IXΕΚ ΤΗΣ ΜΑΚΕΔΟΝΙΚΗΣ
1. Ὅτι ἐνῆγε τοὺς Ῥωμαίους τὰ Σιβύλλεια εἰς τὸν Φιλίππου πόλεμον. ἔστι δὲ ταῦτα·
αὐχοῦντες βασιλεῦσι Μακηδόνες Ἀργεάδῃσιν, ὑμῖν κοιρανέων ἀγαθὸν καὶ πῆμα Φίλιππος. ἤτοι ὁ μὲν πρότερος πόλεσιν λαοῖσί τ᾿ ἄνακτας θήσει, ὁ δ᾿ ὁπλότερος τιμὴν ἀπὸ πᾶσαν ὀλέσσει, δμηθεὶς δ᾿ ἑσπερίοισιν ὑπ᾿ ἀνδράσιν ἐνθάδ᾿ ὀλεῖται. (Exc. de sent. 22, p. 70 Boissevain)
2. Ὅτι Ῥωμαῖοι τοῦ Φιλίππου τοῦ Μακεδόνος [τοῦ πολεμήσαντος αὐτοῖς]1 πέρι πάμπαν ἐπολυπραγμόνουν οὐδέν, οὐδὲ σφίσιν ἐνθύμιος ἦν ὅλως πονουμένης ἔτι τῆς Ἰταλίας ὑπὸ Ἀννίβου [τοῦ Καρχηδονίων
BOOK IX PART 1FROM THE MACEDONIAN BOOK
1.1 The Sibylline Books induced the Romans to go to war against Philip, with the following lines:2 “The Macedonians boast of their royal Argive ancestors, but Philip’s rule will bring both good and suffering to you. The older one will establish rulers for cities and peoples, the younger will lose all honor, and die here, vanquished by men from the west.” (Exc. de sent. 22, p. 70 Boissevain)
2. The Romans paid no attention at all to Philip of Macedon [who went to war with them.]3 Indeed, he did not even enter their thoughts, as Italy was still suffering at the hands of Hannibal [the Carthaginian general] and they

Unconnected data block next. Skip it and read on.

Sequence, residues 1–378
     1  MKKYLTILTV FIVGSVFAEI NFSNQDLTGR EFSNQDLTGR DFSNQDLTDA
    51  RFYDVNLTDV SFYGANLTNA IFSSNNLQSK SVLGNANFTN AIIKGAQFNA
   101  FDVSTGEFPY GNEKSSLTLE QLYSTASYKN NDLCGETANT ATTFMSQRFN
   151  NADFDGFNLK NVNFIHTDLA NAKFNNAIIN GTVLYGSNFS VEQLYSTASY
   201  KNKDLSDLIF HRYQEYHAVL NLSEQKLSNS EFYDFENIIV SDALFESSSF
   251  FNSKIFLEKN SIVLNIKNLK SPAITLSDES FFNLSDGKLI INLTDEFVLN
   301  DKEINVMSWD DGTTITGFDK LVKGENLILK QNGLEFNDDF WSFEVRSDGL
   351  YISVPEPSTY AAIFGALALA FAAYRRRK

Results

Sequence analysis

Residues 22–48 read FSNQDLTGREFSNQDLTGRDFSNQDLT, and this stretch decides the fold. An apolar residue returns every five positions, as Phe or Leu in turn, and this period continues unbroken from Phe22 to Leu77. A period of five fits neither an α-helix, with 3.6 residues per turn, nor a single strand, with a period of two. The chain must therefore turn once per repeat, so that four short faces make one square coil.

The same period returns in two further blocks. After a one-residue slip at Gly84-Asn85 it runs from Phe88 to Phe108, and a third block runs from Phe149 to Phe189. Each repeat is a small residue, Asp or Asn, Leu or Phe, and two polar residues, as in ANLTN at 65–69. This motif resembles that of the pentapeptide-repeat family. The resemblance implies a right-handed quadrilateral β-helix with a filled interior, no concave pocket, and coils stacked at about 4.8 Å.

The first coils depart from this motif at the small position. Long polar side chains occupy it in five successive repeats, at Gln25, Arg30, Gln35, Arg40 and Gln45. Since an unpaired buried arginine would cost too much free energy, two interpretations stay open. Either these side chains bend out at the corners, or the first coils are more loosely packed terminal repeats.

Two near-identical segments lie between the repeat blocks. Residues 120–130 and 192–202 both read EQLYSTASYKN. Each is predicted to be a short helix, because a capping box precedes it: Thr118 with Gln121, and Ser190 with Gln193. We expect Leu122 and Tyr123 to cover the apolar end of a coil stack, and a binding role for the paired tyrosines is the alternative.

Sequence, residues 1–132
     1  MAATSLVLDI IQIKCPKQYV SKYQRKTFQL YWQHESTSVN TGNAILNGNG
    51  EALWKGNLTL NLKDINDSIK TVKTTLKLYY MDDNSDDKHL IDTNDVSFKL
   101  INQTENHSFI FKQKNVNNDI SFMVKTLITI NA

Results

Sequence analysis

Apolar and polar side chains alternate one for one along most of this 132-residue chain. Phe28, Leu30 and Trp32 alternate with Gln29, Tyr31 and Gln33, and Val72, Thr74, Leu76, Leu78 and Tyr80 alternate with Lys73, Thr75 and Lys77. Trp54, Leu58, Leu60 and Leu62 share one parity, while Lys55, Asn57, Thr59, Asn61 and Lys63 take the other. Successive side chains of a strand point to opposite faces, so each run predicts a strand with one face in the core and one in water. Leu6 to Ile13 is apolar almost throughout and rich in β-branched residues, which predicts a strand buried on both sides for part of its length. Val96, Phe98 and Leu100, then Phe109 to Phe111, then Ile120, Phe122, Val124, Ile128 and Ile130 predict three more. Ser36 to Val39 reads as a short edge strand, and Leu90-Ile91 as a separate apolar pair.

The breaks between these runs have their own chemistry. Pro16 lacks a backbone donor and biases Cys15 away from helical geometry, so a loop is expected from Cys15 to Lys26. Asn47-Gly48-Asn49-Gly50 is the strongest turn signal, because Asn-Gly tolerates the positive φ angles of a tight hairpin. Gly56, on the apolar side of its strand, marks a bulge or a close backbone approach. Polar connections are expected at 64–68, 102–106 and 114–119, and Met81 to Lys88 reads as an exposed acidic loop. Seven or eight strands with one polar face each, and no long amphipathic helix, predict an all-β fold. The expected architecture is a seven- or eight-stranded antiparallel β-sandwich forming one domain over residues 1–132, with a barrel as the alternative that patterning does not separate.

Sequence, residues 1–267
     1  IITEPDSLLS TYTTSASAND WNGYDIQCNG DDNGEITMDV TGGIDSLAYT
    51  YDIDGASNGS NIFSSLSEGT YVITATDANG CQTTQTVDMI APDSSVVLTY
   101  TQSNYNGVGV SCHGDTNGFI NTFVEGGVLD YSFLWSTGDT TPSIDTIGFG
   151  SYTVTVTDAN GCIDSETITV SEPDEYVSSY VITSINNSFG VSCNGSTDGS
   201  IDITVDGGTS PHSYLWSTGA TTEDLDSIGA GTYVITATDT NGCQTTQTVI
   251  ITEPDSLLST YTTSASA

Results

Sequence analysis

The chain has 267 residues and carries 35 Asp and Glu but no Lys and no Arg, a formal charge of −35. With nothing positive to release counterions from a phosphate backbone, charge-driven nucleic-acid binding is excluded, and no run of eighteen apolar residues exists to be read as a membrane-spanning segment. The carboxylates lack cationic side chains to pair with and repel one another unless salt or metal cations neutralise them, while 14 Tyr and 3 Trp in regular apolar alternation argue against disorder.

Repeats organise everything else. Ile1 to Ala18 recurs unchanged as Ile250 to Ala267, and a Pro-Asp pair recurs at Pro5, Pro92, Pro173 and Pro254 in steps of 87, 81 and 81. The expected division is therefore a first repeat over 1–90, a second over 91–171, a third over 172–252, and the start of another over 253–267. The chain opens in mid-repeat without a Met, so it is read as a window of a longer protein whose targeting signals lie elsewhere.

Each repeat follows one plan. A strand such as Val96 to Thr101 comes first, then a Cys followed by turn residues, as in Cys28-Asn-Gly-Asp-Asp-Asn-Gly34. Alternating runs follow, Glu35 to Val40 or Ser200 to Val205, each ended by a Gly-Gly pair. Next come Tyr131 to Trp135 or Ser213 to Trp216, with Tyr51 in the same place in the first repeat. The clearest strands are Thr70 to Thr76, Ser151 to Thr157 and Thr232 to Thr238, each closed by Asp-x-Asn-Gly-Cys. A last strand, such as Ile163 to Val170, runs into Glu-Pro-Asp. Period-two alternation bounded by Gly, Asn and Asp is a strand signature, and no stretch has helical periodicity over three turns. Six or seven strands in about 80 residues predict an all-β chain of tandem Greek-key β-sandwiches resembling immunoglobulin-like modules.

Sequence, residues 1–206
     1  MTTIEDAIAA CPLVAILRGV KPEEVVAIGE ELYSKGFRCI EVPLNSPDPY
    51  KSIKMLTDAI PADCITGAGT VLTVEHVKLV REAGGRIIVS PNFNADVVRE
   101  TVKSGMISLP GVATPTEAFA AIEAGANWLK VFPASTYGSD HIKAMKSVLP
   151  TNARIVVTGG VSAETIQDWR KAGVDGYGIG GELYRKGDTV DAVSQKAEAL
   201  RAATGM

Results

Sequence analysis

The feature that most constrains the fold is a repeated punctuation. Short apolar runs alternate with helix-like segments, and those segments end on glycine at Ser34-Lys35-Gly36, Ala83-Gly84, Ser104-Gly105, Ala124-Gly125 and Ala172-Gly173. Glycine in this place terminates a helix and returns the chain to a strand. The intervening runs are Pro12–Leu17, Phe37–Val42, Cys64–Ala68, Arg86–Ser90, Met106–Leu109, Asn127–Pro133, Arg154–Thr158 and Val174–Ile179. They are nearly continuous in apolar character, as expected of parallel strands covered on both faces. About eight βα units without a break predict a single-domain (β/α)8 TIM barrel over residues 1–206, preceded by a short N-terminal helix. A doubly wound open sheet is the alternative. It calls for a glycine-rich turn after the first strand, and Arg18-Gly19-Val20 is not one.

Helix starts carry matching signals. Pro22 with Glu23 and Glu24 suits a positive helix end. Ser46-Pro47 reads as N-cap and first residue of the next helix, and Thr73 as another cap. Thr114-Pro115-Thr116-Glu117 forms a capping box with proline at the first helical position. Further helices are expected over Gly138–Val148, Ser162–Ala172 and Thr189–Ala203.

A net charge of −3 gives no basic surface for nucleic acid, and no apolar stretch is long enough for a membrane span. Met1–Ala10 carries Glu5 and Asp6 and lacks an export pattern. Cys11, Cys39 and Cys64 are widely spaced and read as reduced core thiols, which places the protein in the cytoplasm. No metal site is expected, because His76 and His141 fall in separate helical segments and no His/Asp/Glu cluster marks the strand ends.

- 1The place of this fragment is uncertain. Goukowsky argues reasonably that with its reference to Macedonian history stretching back to Philip II, the father of Alexander the Great, it may have come from the preface of the book. Alternatively, with its reference to the Second Macedonian War, it could go after fragment 4. It does not make much sense as fragment 2, where it is usually placed.
- 2The Second Macedonian War (200–197). Philip V ruled Macedon from 221 to 179.
- 3This was the so-called First Macedonian War (214–205), a period of hostility, but indecisive engagements, between Rome and Philip V. The description of Philip as “the man who went to war with the Romans” looks like a scribal gloss, as does the identification of Hannibal as “the Carthaginian general” in the next sentence.